At a public comment session of the Denver school board last week, Angela Alfaro, a parent representative for the school, said that “a one-year contract extension places extreme financial burdens on the school. We think it’s not enough time to raise the necessary funds to continue during the transition away from DPS funding.”

A student and teacher at Escuela Tlatelolco work together. "Did the mom FELL something or DROP something?" "She dropped it."
PHOTO: J. Zubrzycki
A student and teacher at Escuela Tlatelolco work together. “Did the mom FELL something or DROP something?” “She dropped it.”

The school’s reliance on fundraising had raised concerns in the district about the sustainability of the model. “We have a costly program,” Gonzales said. “But we’re raising money all the time.”

At a work session earlier in the week, Denver board member Rosemary Rodriguez noted the school’s many accomplished alumni and the children of notable Denverites who attend the school, especially its preschool program.

“That’s one of the creative conversations we’d like to have. We have respect for so much of what Escuela has and does, especially creating culturally competent school programs,” said Alyssa Whitehead-Bust, the district’s academic and innovation officer. U.S. Secretary of Education Arne Duncan visited the school last year to tout the benefits of early childhood education.

Gonzales said that while the school will enter conversations with the district next year about future partnerships, “we really don’t have thoughts on what that’d look like.”

“We were here long before [the contract],” said Gonzales, “and we’re going to be here after.”

 

Weekend Reads

Need classroom decor inspiration? These educators have got you covered.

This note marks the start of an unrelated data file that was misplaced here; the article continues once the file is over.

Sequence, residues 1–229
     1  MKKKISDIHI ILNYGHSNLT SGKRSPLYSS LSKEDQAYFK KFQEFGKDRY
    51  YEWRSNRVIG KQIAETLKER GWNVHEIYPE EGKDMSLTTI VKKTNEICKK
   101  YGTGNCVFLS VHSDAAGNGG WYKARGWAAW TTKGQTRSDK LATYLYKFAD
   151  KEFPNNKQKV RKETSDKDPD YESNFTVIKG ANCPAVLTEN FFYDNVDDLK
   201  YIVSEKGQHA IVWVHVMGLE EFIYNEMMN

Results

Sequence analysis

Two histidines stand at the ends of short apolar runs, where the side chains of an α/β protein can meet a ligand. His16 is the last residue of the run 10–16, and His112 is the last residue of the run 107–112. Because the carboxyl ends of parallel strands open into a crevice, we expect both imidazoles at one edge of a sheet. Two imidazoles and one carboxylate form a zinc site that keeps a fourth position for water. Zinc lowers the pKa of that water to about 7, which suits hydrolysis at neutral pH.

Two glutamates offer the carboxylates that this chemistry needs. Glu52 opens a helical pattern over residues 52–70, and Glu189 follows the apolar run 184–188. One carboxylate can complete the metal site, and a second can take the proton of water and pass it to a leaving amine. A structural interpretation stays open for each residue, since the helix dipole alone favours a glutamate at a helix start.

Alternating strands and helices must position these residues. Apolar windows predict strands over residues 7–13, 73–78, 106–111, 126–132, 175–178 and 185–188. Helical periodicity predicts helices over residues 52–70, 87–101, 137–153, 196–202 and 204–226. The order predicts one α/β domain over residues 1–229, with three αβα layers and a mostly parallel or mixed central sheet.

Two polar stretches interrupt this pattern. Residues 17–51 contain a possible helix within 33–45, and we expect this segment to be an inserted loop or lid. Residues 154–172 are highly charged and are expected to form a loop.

This school year, students will spend about 1,000 hours in school —making their classrooms a huge part of their learning experience.

We’re recognizing educators who’ve poured on the pizazz to make students feel welcome. From a 9th-grade “forensics lab” decked out in caution tape to a classroom stage complete with lights to get first graders pumped about public speaking, these crafty teachers have gone above and beyond to create great spaces.

Got a classroom of your own to show off? Know someone that should be on this list? Let us know!

Jaclyn Flores, First Grade Dual Language, Rochester, New York
“Having a classroom that is bright, cheerful, organized and inviting allows my students to feel pride in their classroom as well as feel welcome. My students look forward to standing on the stage to share or sitting on special chairs to dive into their learning. This space is a safe place for my students and we take pride in what it has become.”

Jasmine, Pre-K, Las Vegas, Nevada
“My classroom environment helps my students because providing calming colors and a home-like space makes them feel more comfortable in the classroom and ready to learn as first-time students!”